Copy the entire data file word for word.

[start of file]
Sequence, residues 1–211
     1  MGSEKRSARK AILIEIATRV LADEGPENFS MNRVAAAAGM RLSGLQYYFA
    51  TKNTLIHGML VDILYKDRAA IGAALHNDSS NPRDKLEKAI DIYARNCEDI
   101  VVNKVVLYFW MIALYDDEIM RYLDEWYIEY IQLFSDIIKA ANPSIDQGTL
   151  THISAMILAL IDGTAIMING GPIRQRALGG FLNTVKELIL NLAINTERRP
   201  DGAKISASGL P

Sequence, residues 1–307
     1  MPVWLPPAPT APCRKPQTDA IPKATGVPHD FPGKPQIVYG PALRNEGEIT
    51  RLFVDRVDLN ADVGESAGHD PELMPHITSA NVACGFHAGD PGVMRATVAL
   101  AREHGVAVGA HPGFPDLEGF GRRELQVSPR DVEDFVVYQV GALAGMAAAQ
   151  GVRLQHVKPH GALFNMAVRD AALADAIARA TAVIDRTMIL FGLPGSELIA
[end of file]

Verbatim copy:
Sequence, residues 1–211
     1  MGSEKRSARK AILIEIATRV LADEGPENFS MNRVAAAAGM RLSGLQYYFA
    51  TKNTLIHGML VDILYKDRAA IGAALHNDSS NPRDKLEKAI DIYARNCEDI
   101  VVNKVVLYFW MIALYDDEIM RYLDEWYIEY IQLFSDIIKA ANPSIDQGTL
   151  THISAMILAL IDGTAIMING GPIRQRALGG FLNTVKELIL NLAINTERRP
   201  DGAKISASGL P

Sequence, residues 1–307
     1  MPVWLPPAPT APCRKPQTDA IPKATGVPHD FPGKPQIVYG PALRNEGEIT
    51  RLFVDRVDLN ADVGESAGHD PELMPHITSA NVACGFHAGD PGVMRATVAL
   101  AREHGVAVGA HPGFPDLEGF GRRELQVSPR DVEDFVVYQV GALAGMAAAQ
   151  GVRLQHVKPH GALFNMAVRD AALADAIARA TAVIDRTMIL FGLPGSELIA